Even though it is 250 km from Elephant Sands to Kasane, it mostly through wildlife areas and you have plenty of opportunity to see game as you head up north.
We saw plenty of elephants and baboons; plus the threatened roan antelope and zebra. The highlight for Sue and I was to see the Chobe River. Water means so much for people who live in a desert.
We booked into The Old House (no camping on this trip). It is a very quaint hotel right on the banks of the river. In the past we have always made a point of having a lunch at it’s nice restaurant.
It was then off to the shops to get stocks. As it was Independence Day here in Botswana the bottle stores were closed, so this trip had become: no camping, Botswana in 3 days and with a very limited stock of lemonades.
We then headed to Chobe National Park, which, as normal, did not disappoint.
Heading along the river we saw plenty of elephants, kudu, sable antelope and buffalo.
One herd of elephants were having a mud bath, much to the delight of some of the youngsters.
It was the following morning’s game drive that turned out to be very special. We had just got down to the Chobe River in the park when we saw a few game drive vehicles stopped ahead. Trying to see what they were looking at, I was called forward by a ranger, who said I must pass him and look up tothe left as there were leopards.
A mother leopard was walking across a hillside with an oldish cub not too far back. Something caught my eye, another leopard was crossing the road just in front of the game drive vehicle I was behind. It was a second cub.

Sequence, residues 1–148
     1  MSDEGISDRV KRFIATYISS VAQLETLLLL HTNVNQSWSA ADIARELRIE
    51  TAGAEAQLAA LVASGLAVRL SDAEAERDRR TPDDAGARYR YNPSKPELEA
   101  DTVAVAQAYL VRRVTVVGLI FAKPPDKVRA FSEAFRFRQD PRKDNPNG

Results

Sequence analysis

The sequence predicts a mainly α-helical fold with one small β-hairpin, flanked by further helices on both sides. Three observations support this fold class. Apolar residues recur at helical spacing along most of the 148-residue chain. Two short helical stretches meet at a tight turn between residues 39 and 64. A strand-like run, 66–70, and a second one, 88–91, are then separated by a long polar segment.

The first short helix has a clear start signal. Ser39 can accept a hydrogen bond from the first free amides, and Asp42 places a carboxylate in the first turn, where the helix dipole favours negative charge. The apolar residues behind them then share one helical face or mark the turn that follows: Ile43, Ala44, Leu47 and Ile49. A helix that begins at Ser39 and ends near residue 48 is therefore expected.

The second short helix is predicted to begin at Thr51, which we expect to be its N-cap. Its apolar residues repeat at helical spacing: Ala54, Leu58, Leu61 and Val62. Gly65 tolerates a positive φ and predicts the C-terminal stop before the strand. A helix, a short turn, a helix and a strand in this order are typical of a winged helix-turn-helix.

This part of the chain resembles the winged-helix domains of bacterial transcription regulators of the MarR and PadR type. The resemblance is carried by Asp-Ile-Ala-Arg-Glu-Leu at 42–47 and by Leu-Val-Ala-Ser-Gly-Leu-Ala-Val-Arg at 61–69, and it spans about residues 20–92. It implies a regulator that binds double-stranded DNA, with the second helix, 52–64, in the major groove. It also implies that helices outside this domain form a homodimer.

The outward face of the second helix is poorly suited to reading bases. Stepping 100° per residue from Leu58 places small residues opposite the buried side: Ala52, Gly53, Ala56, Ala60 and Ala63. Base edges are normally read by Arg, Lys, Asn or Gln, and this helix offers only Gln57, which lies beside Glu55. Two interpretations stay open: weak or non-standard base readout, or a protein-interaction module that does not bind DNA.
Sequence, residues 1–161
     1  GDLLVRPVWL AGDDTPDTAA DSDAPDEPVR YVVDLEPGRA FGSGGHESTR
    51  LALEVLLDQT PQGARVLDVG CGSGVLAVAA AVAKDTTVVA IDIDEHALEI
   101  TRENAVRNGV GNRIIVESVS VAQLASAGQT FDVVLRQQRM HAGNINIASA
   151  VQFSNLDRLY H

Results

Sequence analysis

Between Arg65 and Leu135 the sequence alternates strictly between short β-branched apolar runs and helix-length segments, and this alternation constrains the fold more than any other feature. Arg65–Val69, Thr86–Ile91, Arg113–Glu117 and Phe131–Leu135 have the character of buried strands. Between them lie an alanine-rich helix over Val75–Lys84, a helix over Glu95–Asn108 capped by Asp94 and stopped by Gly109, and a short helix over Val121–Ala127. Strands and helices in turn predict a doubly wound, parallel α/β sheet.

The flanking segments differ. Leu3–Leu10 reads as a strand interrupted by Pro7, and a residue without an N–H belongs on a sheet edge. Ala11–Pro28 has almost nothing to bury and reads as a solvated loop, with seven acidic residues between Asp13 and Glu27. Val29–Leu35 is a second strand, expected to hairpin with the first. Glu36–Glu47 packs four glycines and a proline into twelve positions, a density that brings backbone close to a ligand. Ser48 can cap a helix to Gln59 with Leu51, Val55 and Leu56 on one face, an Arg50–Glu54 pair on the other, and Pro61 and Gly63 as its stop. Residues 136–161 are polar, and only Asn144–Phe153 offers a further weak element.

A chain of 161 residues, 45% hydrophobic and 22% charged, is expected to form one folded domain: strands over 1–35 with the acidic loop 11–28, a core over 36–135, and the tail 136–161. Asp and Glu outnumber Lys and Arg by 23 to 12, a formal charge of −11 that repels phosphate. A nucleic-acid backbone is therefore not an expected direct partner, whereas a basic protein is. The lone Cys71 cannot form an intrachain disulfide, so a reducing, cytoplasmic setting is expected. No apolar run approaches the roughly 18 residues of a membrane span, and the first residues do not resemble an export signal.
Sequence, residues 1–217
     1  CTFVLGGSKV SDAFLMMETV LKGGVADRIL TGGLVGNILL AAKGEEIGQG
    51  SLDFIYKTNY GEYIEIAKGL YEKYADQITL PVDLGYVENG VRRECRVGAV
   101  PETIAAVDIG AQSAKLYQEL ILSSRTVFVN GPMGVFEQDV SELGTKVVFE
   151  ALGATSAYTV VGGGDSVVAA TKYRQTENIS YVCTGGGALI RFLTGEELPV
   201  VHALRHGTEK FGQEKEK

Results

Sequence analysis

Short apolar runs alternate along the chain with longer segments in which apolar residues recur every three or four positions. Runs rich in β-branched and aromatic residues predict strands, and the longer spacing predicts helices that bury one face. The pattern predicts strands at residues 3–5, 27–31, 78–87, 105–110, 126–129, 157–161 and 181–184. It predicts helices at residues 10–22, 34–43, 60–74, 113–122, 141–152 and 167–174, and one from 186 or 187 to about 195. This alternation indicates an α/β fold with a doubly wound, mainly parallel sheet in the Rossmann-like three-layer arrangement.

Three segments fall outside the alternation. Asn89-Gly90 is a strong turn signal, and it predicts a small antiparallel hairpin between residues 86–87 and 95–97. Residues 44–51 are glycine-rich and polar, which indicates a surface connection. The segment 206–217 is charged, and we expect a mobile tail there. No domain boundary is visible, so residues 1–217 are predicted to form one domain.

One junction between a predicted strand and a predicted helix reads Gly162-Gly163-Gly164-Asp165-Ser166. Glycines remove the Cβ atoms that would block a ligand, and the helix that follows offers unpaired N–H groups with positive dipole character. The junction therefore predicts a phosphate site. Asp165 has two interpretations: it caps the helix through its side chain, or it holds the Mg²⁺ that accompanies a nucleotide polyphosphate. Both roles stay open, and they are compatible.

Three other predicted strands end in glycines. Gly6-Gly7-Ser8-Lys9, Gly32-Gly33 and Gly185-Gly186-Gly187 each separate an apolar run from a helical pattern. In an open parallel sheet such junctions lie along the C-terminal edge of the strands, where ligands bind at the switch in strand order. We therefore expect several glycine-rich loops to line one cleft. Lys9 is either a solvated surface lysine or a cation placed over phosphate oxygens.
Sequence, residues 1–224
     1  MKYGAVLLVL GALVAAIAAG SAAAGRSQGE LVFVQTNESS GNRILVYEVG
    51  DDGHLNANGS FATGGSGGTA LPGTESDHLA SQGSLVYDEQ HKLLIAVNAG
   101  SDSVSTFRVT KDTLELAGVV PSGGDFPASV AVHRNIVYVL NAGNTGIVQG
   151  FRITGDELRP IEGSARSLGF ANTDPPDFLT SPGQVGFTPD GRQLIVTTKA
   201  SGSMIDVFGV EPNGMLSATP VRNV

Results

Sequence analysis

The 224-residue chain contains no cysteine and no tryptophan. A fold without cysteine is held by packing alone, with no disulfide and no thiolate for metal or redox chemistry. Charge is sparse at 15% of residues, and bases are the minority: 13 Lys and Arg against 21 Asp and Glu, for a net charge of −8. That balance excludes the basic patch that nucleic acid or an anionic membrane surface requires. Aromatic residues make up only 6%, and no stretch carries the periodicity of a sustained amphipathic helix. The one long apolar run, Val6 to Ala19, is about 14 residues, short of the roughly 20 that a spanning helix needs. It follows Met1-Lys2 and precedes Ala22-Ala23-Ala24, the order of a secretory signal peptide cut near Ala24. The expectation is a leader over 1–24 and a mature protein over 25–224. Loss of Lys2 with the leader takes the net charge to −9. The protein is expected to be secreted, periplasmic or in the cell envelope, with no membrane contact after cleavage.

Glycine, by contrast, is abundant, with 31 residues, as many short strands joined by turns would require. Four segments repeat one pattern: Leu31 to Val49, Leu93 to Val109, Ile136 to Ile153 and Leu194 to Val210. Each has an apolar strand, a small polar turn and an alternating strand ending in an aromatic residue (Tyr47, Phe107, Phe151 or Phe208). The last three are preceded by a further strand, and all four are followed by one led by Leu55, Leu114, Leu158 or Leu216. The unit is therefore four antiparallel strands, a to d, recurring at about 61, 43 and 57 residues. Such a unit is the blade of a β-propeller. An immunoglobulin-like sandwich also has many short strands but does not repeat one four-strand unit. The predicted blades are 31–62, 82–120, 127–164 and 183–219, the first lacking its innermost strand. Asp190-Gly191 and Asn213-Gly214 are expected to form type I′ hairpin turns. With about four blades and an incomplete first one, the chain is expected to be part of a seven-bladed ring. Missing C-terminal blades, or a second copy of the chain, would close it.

The mother lay down in a bush and the first cub was looking back, obviously, for its sibling. As the other cub approached, the first one crouched and took off, both cubs jumped in the air and collided in doing so. They played a bit before joining their mother.
Game viewing had once again been good and we were heading home when all of a sudden there was a loud trumpeting by an elephant.
I was watching what the elephant was going to do – something had annoyed it and I was hoping it wasn’t us – it was also far too close for comfort. Sue suddenly shouted look and there right in front of us was a lioness crossing the road.
I then realised what had upset the elephant. It is so nice not being the one being charged.
A second lioness then crossed. The two linked up and found a thick bush which they disappeared under. Maybe hiding from the elephant, or probably just finding a shady place to sleep.
Well 4 of the Big 5 in a mornings game drive was incredible, but the trip was not yet over. There was still the evening boat cruise to come…